To reach these estimates, PwC’s researchers used detailed models to map out the value of project management activity. They ultimately defined relevant ‘projects’ as “temporary, non-routine endeavours or rolling programmes of change designed to produce a distinct product, service or end result… [with] a defined beginning and end, a specific scope, a ring-fenced budget, [and] an identified and potentially dedicated team with a project manager in charge.”

Building on this, they then went on to define what the act of project management actually is. The job consists of applying “processes, methods, knowledge, skills and experience” so that clients can meet their objectives and bring about planned outputs or outcomes. The analysts added that this includes “initiating the project, planning, executing, controlling, quality assuring and closing the work of an identified and dedicated team according to a specified budget and timeframe.”

Importantly, it should be noted that the profession is not exclusive to only roles explicitly labelled as ‘project manager’, but to any role where specialist project management skills are used. This means that across sectors these roles can have very different titles, from the self-explanatory contract managers of procurement, or the campaign managers of advertising, to the likes of festival co-ordinators in the events sector, and many more. The roles in question also span all strategic levels of the profession, from strategic to tactical and operational positions.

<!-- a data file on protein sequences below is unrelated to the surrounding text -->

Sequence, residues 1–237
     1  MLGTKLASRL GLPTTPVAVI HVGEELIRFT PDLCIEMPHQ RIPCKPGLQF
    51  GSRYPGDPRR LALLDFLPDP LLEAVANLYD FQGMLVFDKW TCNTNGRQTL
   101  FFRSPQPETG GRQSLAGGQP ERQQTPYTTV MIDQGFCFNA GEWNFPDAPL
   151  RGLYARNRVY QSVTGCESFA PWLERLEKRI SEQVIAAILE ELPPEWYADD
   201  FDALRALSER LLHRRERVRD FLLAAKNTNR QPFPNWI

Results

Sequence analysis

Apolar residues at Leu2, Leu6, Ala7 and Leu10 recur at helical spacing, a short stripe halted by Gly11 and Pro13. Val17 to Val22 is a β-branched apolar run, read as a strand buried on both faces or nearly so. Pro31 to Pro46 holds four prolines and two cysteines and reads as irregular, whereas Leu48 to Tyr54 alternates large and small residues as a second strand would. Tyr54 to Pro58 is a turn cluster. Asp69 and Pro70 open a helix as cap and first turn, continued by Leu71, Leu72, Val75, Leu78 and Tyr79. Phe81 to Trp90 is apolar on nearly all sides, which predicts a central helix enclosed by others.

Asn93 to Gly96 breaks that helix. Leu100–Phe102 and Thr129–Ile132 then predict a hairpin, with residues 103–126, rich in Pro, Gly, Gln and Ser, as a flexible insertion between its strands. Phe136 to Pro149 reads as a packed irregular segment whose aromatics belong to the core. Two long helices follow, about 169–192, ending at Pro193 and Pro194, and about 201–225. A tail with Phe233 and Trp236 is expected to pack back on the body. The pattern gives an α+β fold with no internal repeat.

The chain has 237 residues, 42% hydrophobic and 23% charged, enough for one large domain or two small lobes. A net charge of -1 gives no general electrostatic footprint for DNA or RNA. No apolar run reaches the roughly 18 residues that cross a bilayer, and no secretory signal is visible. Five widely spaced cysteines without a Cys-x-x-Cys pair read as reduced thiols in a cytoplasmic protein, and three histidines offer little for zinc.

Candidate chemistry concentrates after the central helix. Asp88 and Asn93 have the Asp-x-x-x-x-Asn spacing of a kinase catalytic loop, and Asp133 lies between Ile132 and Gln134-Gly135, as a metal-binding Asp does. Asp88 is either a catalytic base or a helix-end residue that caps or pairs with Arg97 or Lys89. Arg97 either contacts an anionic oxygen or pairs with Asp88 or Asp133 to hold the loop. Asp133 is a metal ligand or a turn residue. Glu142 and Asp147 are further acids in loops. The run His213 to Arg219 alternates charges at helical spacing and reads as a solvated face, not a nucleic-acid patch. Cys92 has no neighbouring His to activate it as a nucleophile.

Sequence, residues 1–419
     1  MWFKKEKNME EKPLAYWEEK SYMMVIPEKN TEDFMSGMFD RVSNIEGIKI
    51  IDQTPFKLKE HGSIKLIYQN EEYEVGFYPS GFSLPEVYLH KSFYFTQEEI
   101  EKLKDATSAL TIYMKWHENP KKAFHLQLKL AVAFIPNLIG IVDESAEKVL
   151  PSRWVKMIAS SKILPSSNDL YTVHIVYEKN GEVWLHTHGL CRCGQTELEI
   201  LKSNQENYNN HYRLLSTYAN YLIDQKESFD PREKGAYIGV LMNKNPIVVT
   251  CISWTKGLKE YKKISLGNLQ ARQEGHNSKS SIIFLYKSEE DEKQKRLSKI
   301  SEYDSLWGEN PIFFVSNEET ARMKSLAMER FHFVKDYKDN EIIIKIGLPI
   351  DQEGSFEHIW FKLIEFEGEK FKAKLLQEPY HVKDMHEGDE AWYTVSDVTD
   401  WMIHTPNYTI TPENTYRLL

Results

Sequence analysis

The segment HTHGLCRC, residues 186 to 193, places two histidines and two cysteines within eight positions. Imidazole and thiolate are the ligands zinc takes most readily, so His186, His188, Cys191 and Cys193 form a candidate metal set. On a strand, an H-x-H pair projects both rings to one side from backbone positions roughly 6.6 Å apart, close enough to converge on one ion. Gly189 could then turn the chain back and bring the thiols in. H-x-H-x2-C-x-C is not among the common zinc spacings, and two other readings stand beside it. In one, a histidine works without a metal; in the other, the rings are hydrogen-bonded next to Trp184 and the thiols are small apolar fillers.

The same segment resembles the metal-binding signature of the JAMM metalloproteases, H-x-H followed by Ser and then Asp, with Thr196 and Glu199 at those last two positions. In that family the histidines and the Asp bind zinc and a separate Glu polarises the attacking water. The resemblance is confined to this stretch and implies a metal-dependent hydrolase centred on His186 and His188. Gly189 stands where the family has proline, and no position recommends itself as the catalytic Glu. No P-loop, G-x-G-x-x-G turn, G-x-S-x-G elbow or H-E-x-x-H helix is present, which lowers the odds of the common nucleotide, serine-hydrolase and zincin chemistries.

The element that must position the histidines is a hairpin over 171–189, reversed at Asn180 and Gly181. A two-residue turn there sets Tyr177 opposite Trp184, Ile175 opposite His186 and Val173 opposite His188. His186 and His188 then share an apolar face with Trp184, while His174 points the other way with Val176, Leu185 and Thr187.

Gross value added of project management profession

From a sector perspective, the financial and professional services, construction and healthcare industries make up almost two-thirds of the total project management GVA. At the same time, understandably, the UK Government has a huge project portfolio, which further drives the size of the GVA the sector contributes, thanks to megaprojects like HS2 and Crossrail.

Commenting on this to the report’s authors, Oliver Dowden, Minister for Implementation remarked, “Project delivery is at the heart of all Government activity, whether it’s building roads and rail, strengthening our armed forces, modernising IT or transforming the way government provides public services to citizens. Getting these projects right is essential if we are to ensure that we build a country that works for everyone.”